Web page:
Oracle’s latest technology to export and import data from databases is the Data Pump utility. It is a more refined version of earlier export and import utilities. The older utilities continue to be available until oracle 12c, still Datapump is the Oracle recommended utility to perform exports and imports owing to its sophisticated features.
Oracle database 12c offers the new Data Pump technology, a server-side infrastructure for fast data movement between Oracle databases. The Datapump enables DBA transfer large amounts of data and metadata at very high speeds compared with traditional export and import utility. Data Pump enables higher speed data transfers by using palatalization techniques.
Data Pump exports are twice faster while import jobs are 15 to 30 times faster than the traditional utilities.
Datapump the data export and import technology that has been a part of oracle database ever since its earlier versions is finding lots of improvement, interesting feature addition starting Oracle database 12c.
Here is a simple list of new features and feature enhancement in oracle database 12c datapump:
1) Unique feature of oracle database 12c is the multitenancy. Oracle database 12 has Container database, pluggable database concept. Datapump does support CDB, PDB export and import activity
1.1) Using datapump in 12c it is possible to migrate portion (or) all of non-CDB to PDB
1.2) Migration is supported across PDB’s in same CDB’s
1.3) Migration is supported across PDB’s in different container databases
1.4) Migration from pluggable database to non-CDB is supported
2) Transportable tablespace can be used with FULL database export and import option
3) Now there is a provision to perform export and import of views as tables in oracle 12c. Perform export using parameter views_as_tables. It is possible to perform non-network as well as network import using views_as_tables
4) In prior versions whenever there is a need to import the data we need to disable archive logging following traditional approach. Now it is possible to perform import using TRANSFORM parameter as follows
impdp ‘username/password’ transform=dis_archive_logging:Y
The Automatic Workload Repository (AWR) collects, processes, and maintains performance statistics for problem detection and self-tuning purposes. This data is both in memory and stored in the database. The gathered data can be displayed in both reports and views.
A baseline contains performance data from a specific time period that is preserved for comparison with other similar workload periods when performance problems occur.The snapshots contained in a baseline are excluded from the automatic AWR purging process and are retained indefinitely.There are several types of available baselines in Oracle Database:
1) Fixed Baselines
2) Moving Window Baseline
3) Baseline Templates
Fixed Baselines :
1) A fixed baseline corresponds to a fixed, contiguous time period in the past that we specify.
2) Before creating a fixed baseline, carefully consider the time period we choose as a baseline, because the baseline should represent the system operating at an optimal level.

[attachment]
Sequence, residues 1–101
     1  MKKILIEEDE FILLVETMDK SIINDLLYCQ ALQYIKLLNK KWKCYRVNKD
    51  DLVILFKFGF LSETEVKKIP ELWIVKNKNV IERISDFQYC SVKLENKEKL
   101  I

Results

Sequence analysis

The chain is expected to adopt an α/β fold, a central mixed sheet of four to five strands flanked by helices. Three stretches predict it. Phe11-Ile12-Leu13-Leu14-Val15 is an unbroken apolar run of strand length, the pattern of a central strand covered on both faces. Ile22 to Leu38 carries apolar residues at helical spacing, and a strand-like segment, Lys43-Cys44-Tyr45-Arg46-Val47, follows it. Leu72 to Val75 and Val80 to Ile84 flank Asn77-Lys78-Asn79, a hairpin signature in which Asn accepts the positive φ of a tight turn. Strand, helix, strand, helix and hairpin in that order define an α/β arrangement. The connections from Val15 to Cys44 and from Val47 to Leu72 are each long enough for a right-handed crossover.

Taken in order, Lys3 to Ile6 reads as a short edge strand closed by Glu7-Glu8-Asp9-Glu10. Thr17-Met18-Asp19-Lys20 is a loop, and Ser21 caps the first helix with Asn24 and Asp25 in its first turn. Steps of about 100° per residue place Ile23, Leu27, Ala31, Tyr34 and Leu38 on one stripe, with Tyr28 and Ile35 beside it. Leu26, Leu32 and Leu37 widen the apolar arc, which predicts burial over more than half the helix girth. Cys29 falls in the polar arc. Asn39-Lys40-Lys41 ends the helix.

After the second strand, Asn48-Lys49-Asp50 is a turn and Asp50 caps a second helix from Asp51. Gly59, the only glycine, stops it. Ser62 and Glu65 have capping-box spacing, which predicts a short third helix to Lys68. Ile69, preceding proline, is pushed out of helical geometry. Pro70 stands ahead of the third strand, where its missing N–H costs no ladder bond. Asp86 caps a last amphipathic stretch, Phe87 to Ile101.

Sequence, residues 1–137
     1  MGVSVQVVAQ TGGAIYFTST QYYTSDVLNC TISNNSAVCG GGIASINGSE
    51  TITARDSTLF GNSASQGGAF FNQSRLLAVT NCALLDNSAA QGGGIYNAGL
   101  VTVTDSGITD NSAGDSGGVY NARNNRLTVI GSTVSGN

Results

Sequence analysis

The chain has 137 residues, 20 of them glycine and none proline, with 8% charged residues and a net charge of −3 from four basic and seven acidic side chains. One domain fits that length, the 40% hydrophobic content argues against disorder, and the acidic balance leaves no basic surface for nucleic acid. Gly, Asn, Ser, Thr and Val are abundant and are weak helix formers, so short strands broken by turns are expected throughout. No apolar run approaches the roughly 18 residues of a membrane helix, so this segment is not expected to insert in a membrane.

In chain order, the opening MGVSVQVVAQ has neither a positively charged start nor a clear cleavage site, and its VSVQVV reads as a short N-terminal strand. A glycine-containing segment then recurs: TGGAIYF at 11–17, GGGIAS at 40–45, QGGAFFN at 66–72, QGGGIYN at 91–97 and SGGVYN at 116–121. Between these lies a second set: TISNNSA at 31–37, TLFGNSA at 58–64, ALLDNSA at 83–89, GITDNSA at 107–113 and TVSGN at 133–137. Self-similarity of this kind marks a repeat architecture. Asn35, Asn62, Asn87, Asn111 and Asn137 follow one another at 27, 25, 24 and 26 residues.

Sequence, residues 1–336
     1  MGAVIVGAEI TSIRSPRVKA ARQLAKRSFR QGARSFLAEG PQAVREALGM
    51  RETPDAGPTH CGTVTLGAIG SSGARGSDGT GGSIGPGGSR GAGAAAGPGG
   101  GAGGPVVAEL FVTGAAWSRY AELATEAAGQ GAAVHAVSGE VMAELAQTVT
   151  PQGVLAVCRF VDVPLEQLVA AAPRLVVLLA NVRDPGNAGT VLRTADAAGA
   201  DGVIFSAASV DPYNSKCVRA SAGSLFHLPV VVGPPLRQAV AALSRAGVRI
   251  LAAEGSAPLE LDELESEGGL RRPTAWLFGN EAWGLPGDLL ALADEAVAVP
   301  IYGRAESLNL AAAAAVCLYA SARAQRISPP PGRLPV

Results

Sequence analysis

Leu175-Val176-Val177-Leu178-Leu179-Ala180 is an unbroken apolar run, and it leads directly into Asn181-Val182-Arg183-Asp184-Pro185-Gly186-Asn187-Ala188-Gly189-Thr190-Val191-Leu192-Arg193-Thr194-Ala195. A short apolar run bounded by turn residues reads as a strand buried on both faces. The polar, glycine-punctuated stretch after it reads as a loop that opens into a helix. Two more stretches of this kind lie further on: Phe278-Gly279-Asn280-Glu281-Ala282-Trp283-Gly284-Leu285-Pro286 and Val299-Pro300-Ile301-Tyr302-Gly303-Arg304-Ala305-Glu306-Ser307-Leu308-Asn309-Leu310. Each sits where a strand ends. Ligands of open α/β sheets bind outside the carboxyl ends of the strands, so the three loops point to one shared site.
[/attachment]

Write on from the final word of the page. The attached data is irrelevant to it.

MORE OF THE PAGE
3) In the future, we can compare the baseline with other baselines or snapshots captured during periods of poor performance to analyze performance degradation over time
Moving Window Baseline :
1) A moving window baseline corresponds to all AWR data that exists within the AWR retention period. This is useful when using adaptive thresholds because the AWR data in the entire AWR retention period can be used to compute metric threshold values.
2) Oracle Database automatically maintains a system-defined moving window baseline.
3) The default window size for the system-defined moving window baseline is the current AWR retention period, which by default is 8 days.
4) If we are planning to use adaptive thresholds, consider using a larger moving window—such as 30 days—to accurately compute threshold values.
5) We can resize the moving window baseline by changing the number of days in the moving window to a value that is equal to or less than the number of days in the AWR retention period.
6) To increase the size of a moving window, we will first need to increase the AWR retention period .
Baseline Templates :
We can create baselines for a contiguous time period in the future using baseline templates.
There are two types of baseline templates:
A single baseline template can be used to create a baseline for a single contiguous time period in the future. This is useful if we know beforehand of a time period that we want to capture in the future. For example, we may want to capture the AWR data during a system test that is scheduled for the upcoming weekend. In this case, we can create a single baseline template to automatically capture the time period when the test will take place.
A repeating baseline template can be used to create and drop baselines based on a repeating time schedule. This is useful if we want Oracle Database to automatically capture a contiguous time period on an ongoing basis. For example, we may want to capture the AWR data during every Monday morning for a month. In this case, we can create a repeating baseline template to automatically create baselines on a repeating schedule for every Monday, and automatically remove older baselines after a specified expiration interval such as one month.
Oracle logminer tool helps to get more insight on ongoing transactions by dissecting the online redo logs. Upon enabling Oracle Log miner, querying v$logmnr_contents, the operation shows unsupported with a message that says object or datatype not supported
The reason behind this message is that some datatypes are not supported in log miner. Following are the datatypes that are not supported until latest oracle version 11g
1) Abstract datatypes called ADT
3) LOB and BFILE
5) Collections like nested tables
6) Object references